“How many types of pasta can you name?” asked Carmela Sereno Hayes at the start of a pasta masterclass at Salvi’s Mozzarella Bar in Manchester’s Corn Exchange.

We started counting shapes off the top of our heads. Spaghetti, ravioli, tortellini, linguini, lasagne, macaroni, rigatoni, pappardelle, tagliatelle, penne, fusilli, vermicelli… There must be more than that. I guessed around 100, which I thought was generous.

Nowhere near. There are 642 shapes according to Carmela, a cookery tutor who specialises in the art of making pasta. Carmela is known as a pastaia (specialist pasta maker) and is also an event cookery demonstrator, recipe developer, food writer and author of two cookery books.

Carmela was born in Bedford – it’s known as little Italy – but her family are from the regions of Puglia and Molise in the south of Italy. Now she lives in a small village in Northamptonshire with her husband, who hails from Salford, and their four children.

She is passionate about using traditional and authentic Italian techniques and ingredients – something which Maurizio Cecci, who runs Salvi’s, understands well. A family-run establishment, with ingredients sourced from Maurizio’s home of Naples and Sorrento, Salvi’s make their own pasta every day, often basing recipes on those from Maurizio’s mother’s Neapolitan kitchen.

There are two types of flour to make pasta, Carmela explained. Semola, a coarse grain, and double zero (00) flour, a wheat flour typically milled in Italy where millers grade their flour by using a ‘zero’ rating, which is usually made with egg for a richer result.

Carmela recommended semola for pasta-making novices, as you just need to add hot water to make the dough. “It’s not semolina,” she explained. “It’s a durum wheat flour, and you’ll see when you make pasta with it that it’s very forgiving.” Ideal for beginners, it’s available to buy from Salvi’s deli.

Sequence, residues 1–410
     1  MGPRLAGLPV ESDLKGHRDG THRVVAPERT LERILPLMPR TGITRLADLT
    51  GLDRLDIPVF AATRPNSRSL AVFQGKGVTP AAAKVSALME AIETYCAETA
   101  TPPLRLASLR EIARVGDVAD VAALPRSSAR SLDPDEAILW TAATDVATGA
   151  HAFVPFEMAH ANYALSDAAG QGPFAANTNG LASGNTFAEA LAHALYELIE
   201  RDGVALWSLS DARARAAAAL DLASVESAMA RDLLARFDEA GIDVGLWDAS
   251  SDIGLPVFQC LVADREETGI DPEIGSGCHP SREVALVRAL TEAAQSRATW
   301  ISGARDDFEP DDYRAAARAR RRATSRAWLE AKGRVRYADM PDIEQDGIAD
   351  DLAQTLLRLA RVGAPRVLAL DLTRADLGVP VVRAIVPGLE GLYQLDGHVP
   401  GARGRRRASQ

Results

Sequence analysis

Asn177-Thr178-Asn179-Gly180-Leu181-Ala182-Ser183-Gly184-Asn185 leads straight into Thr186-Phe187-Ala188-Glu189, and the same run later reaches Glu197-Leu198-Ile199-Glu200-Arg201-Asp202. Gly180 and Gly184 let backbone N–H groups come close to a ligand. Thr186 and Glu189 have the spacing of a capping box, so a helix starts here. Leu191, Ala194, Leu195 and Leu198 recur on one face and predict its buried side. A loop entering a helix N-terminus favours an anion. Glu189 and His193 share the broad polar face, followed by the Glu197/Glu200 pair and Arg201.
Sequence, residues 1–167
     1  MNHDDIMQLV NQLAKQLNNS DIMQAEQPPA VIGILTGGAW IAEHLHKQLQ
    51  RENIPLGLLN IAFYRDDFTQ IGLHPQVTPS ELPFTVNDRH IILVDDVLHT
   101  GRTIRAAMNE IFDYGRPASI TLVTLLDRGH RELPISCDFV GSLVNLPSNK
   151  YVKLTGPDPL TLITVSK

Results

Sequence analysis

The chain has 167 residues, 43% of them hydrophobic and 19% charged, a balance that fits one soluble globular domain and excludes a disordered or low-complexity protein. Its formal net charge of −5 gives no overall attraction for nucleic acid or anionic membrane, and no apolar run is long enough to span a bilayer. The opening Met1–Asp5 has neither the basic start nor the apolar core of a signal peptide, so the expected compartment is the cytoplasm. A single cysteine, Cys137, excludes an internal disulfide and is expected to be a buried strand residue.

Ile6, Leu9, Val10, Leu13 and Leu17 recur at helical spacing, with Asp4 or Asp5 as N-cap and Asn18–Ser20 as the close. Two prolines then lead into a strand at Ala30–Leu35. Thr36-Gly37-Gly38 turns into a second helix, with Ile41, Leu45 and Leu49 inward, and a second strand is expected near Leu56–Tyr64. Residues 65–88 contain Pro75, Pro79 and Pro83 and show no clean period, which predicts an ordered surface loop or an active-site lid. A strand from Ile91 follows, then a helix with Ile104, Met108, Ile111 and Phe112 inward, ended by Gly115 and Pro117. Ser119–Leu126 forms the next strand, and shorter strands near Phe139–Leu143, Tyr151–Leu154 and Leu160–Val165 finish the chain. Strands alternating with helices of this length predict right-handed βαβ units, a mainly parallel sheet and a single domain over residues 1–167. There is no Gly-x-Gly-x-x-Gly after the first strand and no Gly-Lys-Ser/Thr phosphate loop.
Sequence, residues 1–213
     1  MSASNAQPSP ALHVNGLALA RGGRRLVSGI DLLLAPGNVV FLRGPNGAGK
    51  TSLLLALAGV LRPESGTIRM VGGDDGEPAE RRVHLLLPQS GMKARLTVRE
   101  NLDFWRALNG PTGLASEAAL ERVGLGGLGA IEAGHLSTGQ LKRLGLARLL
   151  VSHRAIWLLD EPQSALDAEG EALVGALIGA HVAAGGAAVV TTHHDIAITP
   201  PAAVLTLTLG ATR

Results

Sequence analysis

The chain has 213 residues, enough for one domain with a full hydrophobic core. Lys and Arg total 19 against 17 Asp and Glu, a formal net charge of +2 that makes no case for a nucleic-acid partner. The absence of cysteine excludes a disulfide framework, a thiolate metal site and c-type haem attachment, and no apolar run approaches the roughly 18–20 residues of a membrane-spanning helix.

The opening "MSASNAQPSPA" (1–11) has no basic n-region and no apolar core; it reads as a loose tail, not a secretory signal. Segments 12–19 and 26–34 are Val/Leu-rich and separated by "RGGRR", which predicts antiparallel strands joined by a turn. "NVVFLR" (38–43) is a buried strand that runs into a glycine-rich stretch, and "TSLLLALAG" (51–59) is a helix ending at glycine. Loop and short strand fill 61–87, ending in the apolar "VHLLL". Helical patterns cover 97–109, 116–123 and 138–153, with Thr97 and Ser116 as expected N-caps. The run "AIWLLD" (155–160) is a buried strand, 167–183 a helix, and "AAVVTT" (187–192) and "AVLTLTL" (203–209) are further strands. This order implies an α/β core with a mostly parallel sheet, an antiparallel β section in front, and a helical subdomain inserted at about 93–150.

The liquid doesn’t have to be just water. Using spinach blitzed in a food processor, and tomato puree mixed with a little water, Carmela demonstrated two vibrant, cheery colours of pasta, which she rolled together to make a beautiful double-coloured sheet ready to work with. “You could also add pesto or blitzed roasted tomatoes from a jar,” she said.

Although there are over 640 shapes in existence, Carmela says we usually only get to try a small number of these in the UK. In order to try something different, she showed us how to make pasta alla chitarra along with capelli hats, soprese tortellini and corzetti pasta disks.

It was great watching her effortlessly making beautiful shapes, from ridged curls to cute little hats formed over the top of a glass beer bottle. But soon it was our turn – this was a hands-on class, after all. The bowl of semola flour in our bowls suddenly looked a far cry from the elegant shapes on Carmela’s board.

We added approximately 50ml of water to our 100g of semola flour. “Always warm water,” said Carmela. “But you would never use warm water from a tap or kettle in Italy,” she said. “You have to warm it on the stove.”

Does Carmela stick to such traditional methods?

“I use water from a kettle,” she laughs. “But it would be frowned upon in Italy, so don’t tell anyone.”

Kneading the dough was a thoroughly therapeutic experience. Soon, we all had a pleasingly round disc of dough in front of us, and were feeling more confident. The glass of prosecco on arrival probably helped.

“You should always use a wooden surface to make pasta,” Carmela explained. A granite surface is simply too cold.

The thickness of the pasta you’re making depends on the type, explained Carmela. “Lasagne will be slightly thicker for example, but ravioli will be thinner because you’re folding it.”

Forming our pasta shapes was fun once we had rested and rolled the dough. There was something extremely rewarding about making little farfalle butterflies (the shape Alan Partridge famously described as “like an Action Man bowtie”) by hand. Little rectangles of dough, with just a pinch in the middle, were rapidly turning into a proud pile of bows.

You can either cut the pasta by hand or use tools, explained Carmela, who collects the various regional pasta tools available across Italy.

The pasta masterclass is aimed at all levels, from complete beginners through to experienced pasta makers. I thoroughly enjoyed it and learnt a lot. And I got to take my little box of slightly misshapen – though crafted with love – pasta shapes home with me.

I’ll definitely be making my own pasta again at home. After all, everybody needs a big bowl of Action Man bow ties from time to time.

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